This afternoon we’re finally underway. I’m writing this halfway to the site where the Myrtle drops her 245 foot long legs to the sea bed and starts to jack the boat up out of the water, to form our stable drilling platform. I’m guessing once we get there, I won’t have much time to write, so I’m getting it done now.

Oh. And did I mention it’s hot?

Yes. It’s hot.

Real hot.

09 April 2016

Wrrrrrrrrrrrrr…. And I’m awake. Just. Fortunately I don’t sleep much anyway, but neither do I normally work until midnight, so my normal waking up time of 4am (which has thankfully shifted to 5-6am) may prove a bit early as I get used to shift work.

I'm doing the ‘Day Shift’, starting at midday and finishing at midnight. Graham is my opposite number on the Night Shift (cue The Commodores…), and so we have a half hour chat at the end of each. Mainly boils down to me explaining all the mistakes I've made, that he needs to be aware of. 

Actually so far (hah!) there’s only been one bit of confusion. Both I and the drillers had the same numbers, it was just I couldn't quite work out how I’d got to mine. All fine, just too much for my small brain to cope with.

So Science news- we've started drilling! Yay! Currently we've only got to 15m, as we need to case the hole (line it with a steel tube) and fit an inner tube and cement that in. This is to guide the rest of the drill string (see? I’m getting the lingo!) hopefully all the way down to our target depth of 1500m. Getting the casing in was an immense task. If you can imagine the boat is 10m above the water, the waves are about 1-2m high, and the casing is being lowered down to the sea bed by crane. So it’s wobbly at the top. As soon as the case hits the water, it becomes very wobbly at the bottom too. So your case in the water is being wobbled one way, and the one you want to attach to the top is wobbling another way. In the middle there are 2 huge blokes, Will and Rich, who are lining the two casings up, each weighing several tons by the way (the casings, not the blokes... though they're not far off), and then threading them on using enormous chain wrenches, the biggest spanners I have ever seen and quite a lot of effort. Funnily enough Will reckons he eats about 10,000 calories a day. I’ve seen his dinners (3 every day). His estimate is about right.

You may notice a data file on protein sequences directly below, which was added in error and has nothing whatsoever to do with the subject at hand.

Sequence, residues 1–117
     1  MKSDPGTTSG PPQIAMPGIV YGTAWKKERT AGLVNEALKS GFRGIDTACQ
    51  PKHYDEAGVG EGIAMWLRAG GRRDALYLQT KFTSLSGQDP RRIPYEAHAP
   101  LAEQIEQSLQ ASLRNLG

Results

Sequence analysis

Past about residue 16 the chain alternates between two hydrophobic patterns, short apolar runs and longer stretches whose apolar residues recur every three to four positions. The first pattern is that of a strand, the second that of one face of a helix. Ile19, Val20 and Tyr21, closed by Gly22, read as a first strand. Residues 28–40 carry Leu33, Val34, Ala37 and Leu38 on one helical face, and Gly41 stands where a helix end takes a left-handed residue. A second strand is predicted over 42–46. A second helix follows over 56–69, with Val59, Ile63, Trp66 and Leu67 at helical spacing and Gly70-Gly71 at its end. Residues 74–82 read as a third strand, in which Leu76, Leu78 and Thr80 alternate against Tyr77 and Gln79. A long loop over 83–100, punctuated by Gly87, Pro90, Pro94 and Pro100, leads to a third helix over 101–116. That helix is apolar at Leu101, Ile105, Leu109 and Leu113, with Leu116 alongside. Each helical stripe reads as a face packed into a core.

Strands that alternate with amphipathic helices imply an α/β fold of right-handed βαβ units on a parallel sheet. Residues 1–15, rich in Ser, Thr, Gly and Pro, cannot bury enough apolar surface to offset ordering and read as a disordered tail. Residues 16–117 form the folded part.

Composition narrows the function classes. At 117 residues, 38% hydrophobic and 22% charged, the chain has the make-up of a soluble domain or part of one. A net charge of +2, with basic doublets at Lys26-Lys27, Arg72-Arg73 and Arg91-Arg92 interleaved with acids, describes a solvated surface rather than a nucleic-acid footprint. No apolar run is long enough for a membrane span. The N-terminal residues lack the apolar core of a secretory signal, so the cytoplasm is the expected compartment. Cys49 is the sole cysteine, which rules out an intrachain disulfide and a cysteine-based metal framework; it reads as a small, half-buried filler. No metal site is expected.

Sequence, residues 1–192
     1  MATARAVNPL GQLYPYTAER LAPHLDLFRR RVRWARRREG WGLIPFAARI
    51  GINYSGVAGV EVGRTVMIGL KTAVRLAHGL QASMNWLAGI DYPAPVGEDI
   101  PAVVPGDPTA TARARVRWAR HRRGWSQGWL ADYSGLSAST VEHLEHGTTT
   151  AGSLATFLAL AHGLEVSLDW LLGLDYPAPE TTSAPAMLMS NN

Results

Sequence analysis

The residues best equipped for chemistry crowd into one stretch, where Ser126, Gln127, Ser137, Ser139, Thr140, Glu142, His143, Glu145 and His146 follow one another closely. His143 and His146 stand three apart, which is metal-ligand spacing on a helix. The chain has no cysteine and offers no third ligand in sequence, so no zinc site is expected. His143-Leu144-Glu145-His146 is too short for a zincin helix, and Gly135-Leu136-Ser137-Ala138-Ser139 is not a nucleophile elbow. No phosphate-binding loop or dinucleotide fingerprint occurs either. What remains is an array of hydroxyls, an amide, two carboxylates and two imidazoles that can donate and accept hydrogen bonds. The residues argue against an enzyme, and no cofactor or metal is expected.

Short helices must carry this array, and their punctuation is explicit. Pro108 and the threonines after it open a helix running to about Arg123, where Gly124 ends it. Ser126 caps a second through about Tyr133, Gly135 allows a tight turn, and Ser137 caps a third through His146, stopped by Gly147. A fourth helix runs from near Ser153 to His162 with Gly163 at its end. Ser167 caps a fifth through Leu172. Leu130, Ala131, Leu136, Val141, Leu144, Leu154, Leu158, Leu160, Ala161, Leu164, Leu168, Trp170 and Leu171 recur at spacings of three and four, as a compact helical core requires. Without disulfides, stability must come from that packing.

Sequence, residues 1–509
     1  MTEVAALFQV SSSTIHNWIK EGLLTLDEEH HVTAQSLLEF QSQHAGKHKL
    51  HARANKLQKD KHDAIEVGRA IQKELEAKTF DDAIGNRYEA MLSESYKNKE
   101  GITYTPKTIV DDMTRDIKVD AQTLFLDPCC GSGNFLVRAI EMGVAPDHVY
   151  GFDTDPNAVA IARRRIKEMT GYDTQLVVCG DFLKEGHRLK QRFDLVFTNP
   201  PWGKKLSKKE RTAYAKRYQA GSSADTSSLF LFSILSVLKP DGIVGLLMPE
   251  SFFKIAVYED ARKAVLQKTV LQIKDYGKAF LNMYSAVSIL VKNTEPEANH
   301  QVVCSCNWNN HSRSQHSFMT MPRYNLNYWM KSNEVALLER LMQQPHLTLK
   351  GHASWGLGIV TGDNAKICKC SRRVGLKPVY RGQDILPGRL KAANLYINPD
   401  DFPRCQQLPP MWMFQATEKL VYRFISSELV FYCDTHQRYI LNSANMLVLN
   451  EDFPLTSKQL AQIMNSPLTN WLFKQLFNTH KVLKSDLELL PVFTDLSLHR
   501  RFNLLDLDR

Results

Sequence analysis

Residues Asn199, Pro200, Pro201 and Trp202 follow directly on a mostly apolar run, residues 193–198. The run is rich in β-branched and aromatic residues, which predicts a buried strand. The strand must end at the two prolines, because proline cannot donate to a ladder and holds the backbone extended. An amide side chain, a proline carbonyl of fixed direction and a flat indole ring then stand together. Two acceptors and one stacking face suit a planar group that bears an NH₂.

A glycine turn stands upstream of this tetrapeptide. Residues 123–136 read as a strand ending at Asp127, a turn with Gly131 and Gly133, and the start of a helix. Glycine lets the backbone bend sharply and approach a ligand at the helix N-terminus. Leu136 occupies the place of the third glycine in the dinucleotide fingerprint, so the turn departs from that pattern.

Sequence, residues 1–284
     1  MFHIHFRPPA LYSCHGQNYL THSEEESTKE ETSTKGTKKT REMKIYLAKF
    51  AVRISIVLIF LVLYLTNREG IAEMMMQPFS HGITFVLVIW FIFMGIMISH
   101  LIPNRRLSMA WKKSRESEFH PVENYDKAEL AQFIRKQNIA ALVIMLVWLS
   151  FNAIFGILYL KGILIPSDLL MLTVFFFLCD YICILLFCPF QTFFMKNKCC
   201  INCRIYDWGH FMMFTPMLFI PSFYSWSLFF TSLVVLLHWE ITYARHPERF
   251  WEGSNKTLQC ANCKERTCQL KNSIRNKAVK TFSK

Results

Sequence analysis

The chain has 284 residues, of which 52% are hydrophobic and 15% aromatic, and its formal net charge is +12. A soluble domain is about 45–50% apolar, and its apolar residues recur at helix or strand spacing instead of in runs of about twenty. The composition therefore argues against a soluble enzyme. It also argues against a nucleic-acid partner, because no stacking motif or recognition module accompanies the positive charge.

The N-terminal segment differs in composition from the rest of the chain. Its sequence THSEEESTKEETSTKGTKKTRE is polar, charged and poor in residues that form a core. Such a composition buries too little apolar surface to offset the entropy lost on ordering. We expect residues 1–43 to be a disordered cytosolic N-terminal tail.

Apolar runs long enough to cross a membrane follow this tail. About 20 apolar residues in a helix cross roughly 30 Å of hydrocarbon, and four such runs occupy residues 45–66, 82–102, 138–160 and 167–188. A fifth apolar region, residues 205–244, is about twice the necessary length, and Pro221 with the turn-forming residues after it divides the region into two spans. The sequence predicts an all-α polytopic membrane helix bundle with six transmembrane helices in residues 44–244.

So that’s all done, and we look set to start drilling again this afternoon at about 3pm. This is when I actually do my job. As an ESO representative my role is to talk to the drillers, see what depth they’re at, how fast they’re drilling, how much pipe is going down the hole; then talk to the ‘mud guys’ who produce the drilling mud to lubricate the drill, find out the mix, the viscosity, if that needs changing; sample the cuttings coming up from the drill and sieve and bottle them to hand over to the Core Curators; communicate all of this back to the ESO team, making sure everyone is happy with progress, or if changes need to be made; and talk to the scientists, keeping everyone in the loop as to what is going on at any time. 

As it’s all new to me I’m running round chasing my own tail at the moment- thankfully there are understanding ears out there, who clearly take pity on a poor numpty glacial scientist who’s pretending to know what he’s doing in the middle of the ocean on a drilling rig.

Let’s see if I survive my shift, and I’ll let you know.